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Christian Brethren,

You recollect, that the Calvinistic system stands charged by Dr. Priestley, not only with being inconsistent with a perfect veneration of the divine character, but with "perfect candour and benevolence to man."

This, it must be owned, has often been objected to the Calvinists. Their views of things have been supposed to render them sour and ill natured towards those who differ from them. Charity, candour, benevolence, liberality, and the like, are virtues to which Socinians on the other hand, lay almost an exclusive claim. And such a weight do they give these virtues in the scale of morality, that they conceive themselves, "upon the whole, even allowing that they have more of an apparent conformity to the world than the Trinitarians, to approach nearer to the proper temper of Christianity than they."*

I shall not go about to vindicate Calvinists, any farther than 1 conceive their spirit and conduct to admit of a fair vindication; but I am satisfied, that, if things be closely examined, it will be found, that a great deal of what our opponents attribute to themselves, is not benevolence, or candour; and that a great deal of what they attribute to us, is not owing to the want of either.

Respecting benevolence, or good will to men, in order to be genuine, they must consist with love to God. There is such a thing as partiality to men, with respect to the points in which they and their Maker are at variance: but this is not benevolence. Partiality to a criminal at the bar might induce us to pity him, so far as to plead in extenuation of his guilt, and to endeavour to bring him off from the just punishment of the laws: but this would not be

*Dr. Priestley's diiscourses on Various Subjects, p. 100.

benevolence. There must be a rectitude in our actions and affections, to render them truly virtuous. Regard to the public good must keep pace with compassion to the miserable; else the latter will degenerate into vice, and lead us to be partakers of other men's sins. Whatever pretences be made to devotion, or love to God, we never admit them to be real, unless accompanied with love to men, neither ought any pretence of love to men to be admitted as genuine, unless it be accompanied with love to God. Each of these virtues is considered in the scriptures as an evidence of the other. If a man say, I love God, and hateth his brother, he is a liar.—By this we know that we love the children of God, when we love God, and keep his commandments.*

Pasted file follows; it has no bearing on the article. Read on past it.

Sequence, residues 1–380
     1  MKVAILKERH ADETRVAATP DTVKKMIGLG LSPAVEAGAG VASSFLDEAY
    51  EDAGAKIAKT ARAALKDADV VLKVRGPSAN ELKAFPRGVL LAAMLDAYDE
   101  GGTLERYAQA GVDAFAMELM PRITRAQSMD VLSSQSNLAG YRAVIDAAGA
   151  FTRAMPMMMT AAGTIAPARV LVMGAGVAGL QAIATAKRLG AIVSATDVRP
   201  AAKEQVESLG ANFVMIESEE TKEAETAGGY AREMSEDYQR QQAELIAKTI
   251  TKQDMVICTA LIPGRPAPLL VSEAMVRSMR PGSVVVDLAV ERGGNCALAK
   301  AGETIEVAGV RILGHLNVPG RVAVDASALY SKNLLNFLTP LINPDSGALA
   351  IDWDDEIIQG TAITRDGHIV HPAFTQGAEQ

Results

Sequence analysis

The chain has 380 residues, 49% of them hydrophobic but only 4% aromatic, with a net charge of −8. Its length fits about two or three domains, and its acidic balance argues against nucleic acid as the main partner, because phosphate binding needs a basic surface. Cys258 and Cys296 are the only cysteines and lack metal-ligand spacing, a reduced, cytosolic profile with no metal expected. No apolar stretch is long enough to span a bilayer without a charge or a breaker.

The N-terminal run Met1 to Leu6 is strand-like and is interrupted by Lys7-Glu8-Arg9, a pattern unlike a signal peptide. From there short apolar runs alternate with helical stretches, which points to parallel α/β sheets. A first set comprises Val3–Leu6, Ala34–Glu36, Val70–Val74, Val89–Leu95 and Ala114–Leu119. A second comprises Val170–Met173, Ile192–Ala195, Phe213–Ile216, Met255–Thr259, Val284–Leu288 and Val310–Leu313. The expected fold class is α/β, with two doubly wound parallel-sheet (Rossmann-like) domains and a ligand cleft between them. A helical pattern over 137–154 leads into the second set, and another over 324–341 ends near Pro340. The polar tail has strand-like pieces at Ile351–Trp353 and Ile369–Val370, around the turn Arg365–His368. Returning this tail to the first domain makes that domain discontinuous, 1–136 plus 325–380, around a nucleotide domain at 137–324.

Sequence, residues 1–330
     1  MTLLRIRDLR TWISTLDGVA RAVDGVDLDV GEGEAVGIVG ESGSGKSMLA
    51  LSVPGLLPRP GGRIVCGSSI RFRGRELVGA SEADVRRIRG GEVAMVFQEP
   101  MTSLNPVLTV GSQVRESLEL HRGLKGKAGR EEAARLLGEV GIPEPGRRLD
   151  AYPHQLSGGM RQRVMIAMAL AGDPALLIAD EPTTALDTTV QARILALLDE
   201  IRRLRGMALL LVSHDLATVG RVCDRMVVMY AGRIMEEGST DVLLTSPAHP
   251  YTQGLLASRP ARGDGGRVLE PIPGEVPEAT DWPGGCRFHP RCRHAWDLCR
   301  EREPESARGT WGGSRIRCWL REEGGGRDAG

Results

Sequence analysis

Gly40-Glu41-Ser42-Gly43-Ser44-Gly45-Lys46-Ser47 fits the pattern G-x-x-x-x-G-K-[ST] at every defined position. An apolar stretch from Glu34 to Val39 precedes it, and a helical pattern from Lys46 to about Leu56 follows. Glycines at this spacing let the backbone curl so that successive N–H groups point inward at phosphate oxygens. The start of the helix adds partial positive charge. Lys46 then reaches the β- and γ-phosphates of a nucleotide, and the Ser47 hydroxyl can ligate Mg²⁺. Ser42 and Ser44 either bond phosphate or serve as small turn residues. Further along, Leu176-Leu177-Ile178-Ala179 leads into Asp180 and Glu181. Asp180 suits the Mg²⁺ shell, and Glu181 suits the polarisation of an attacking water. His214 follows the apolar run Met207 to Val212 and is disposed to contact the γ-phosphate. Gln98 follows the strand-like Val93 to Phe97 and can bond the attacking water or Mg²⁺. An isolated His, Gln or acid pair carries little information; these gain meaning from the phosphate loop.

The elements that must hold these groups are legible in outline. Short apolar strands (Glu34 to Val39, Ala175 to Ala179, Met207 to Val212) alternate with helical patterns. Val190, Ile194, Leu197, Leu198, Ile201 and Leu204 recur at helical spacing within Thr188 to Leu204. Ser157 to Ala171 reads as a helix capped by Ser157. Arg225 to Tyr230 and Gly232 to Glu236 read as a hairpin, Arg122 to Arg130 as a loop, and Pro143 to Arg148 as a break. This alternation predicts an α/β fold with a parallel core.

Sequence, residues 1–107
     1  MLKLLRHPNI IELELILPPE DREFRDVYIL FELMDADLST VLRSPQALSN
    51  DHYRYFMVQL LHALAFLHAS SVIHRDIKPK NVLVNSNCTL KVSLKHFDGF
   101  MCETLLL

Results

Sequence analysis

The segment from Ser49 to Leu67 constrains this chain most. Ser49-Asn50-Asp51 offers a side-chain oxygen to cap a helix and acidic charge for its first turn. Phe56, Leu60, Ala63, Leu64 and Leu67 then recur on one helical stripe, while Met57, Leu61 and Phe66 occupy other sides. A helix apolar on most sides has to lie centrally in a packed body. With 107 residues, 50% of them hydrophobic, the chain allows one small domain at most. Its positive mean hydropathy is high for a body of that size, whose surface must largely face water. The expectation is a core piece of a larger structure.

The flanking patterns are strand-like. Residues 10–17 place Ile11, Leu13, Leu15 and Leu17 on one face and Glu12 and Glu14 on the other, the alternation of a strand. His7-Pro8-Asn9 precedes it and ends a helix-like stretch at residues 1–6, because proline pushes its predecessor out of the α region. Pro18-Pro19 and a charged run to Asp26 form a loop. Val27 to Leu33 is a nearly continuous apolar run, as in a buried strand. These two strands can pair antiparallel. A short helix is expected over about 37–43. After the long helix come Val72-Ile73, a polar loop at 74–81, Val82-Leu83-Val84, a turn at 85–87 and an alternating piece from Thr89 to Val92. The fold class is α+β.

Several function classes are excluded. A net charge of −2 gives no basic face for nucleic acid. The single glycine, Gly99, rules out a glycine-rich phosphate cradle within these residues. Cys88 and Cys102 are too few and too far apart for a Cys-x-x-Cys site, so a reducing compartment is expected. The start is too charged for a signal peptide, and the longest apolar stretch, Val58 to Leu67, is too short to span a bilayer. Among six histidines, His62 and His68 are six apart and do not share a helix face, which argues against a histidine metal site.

There is such a thing as partiality to men, as observed before, with respect to the points in which they and their maker are at variance; leaning to those notions that represent their sin as comparatively little, and their repentance and obedience as a balance against it; speaking smooth things, and affording intimations, that, without an' atonement, nay, even without repentance in this life, all will be well at last. But, if it should prove that God is wholly in the right, and man wholly in the wrong; that sin is exceeding sinful; that we all deserve to be punished with everlasting destruction from the presence of the Lord; and that, if we be not interested in the atonement of Christ, this punishment must actually take place: if these things, I say, should, at last, prove true, then all such notions as have flattered the pride of men, and cherished their presumption, instead of being honored with the epithets of liberal and benevolent, will be called by very different names. The princes and people of Judah would, doubtless, be apt to think the sentiment taught by Hananiah, who prophesied smooth things concerning them, much more benevolent and liberal than those of Jeremiah, who generally came with heavy tidings; yet true benevolence existed only in the latter. Whether the complexion of the whole system of our opponents do not resemble that of the false prophets, who prophesied smooth things, and healed the hurt of the daughter of Israel slightly, crying Peace, *John iv. 20. x. 2.